Hamlet by William Shakespeare

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So Hamlet is a play ‘much concerned with death,’ but its complex debates on this theme can only be fully understood in the context of its hero’s mental state: until he cures his ‘sore distraction’ by revenging himself on his mother, all the reasoning in the world cannot make him the avenger of his father.


CLAUDIUS. Claudius’ importance in the play is immediately evident from the family tree of the Danish royals:
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(The Ghost) |
Young HAMLET (The hero of the play)

Before the play begins, Old Hamlet is King of Denmark and Young Hamlet is studying at the University of Wittenberg. Claudius, his brother, falls in love with Gertrude, the Queen, and seduces her into adultery. Then, ambitious for the throne, he poisons Old Hamlet through his ear cavity, claiming that the King has been stung by a serpent. Claudius speedily manages to get himself crowned king and marries Gertrude out of love. Although Hamlet is clearly of age to succeed his father, Denmark was an elective monarchy in Shakespeare’s day. This idea comes as a surprise to members of a modern audience (the papacy is the only surviving elective monarchy), but would have been much more familiar to contemporary Elizabethans. With Young Hamlet away in Wittenberg, Claudius presumably used his influence among the small band of aristocrats able to elect the king to get himself chosen, perhaps on the grounds of age and experience. Hamlet says, right at the end of the play, that Claudius ‘Popp’d in between th’election and my hopes’ (V.ii.65), and this is the sole reference in the text to these critical events. With Hamlet back in Denmark at the beginning of the play, Claudius refuses him permission to return to Wittenberg, and keeps a closer and closer eye on this potentially dangerous rival, whose behaviour becomes more and more suspicious and extreme. Finally, after Hamlet accidentally kills Claudius’ chief minister Polonius (clearly imagining that it was really the king he was dispatching), Claudius arranges for Hamlet’s murder under the cover of an embassy to England. On Hamlet’s return unharmed, Claudius plots with Polonius’ son Laertes to murder Hamlet, but the plot backfires and both meet their death.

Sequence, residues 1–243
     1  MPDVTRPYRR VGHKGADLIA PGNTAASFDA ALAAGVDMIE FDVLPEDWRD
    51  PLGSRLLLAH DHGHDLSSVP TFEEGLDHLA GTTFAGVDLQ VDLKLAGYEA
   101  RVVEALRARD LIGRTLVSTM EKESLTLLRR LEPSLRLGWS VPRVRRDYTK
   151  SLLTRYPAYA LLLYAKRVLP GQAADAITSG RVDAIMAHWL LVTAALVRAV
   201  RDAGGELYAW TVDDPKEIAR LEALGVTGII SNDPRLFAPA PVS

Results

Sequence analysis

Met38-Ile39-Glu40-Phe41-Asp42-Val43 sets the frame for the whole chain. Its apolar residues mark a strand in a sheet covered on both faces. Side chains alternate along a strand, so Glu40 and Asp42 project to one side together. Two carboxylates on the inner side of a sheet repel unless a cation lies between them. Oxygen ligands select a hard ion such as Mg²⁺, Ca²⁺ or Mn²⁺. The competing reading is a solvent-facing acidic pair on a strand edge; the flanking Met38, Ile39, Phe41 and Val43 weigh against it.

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William Shakespeare
the Unkindness of Ravens If you have found our critical notes helpful, why not try the first Tower Notes novel, a historical fantasy set in the time of the Anglo-Saxon invasions.

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The Unkindness of Ravens by Anthony Paul